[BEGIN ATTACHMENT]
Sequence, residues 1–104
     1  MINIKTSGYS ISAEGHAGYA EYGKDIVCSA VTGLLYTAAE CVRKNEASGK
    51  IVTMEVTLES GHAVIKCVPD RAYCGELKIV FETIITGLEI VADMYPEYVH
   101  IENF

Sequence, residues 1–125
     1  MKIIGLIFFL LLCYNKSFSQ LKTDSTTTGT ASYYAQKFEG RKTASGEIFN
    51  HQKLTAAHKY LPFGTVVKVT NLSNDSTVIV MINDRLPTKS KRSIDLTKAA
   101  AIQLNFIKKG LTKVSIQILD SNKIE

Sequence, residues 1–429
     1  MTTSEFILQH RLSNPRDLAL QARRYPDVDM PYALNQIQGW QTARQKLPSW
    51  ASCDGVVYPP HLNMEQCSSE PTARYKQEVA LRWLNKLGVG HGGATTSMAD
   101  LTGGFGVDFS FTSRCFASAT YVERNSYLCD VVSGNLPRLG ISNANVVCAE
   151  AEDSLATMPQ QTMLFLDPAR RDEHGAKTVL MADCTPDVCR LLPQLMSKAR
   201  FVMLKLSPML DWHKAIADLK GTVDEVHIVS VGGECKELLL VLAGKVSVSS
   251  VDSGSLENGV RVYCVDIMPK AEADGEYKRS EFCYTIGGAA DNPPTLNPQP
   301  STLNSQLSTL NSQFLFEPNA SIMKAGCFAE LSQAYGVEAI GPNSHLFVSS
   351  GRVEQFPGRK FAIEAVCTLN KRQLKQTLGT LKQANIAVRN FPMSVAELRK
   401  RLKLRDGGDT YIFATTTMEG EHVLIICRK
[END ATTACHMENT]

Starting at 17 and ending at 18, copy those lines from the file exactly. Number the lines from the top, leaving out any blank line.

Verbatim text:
   351  GRVEQFPGRK FAIEAVCTLN KRQLKQTLGT LKQANIAVRN FPMSVAELRK
   401  RLKLRDGGDT YIFATTTMEG EHVLIICRK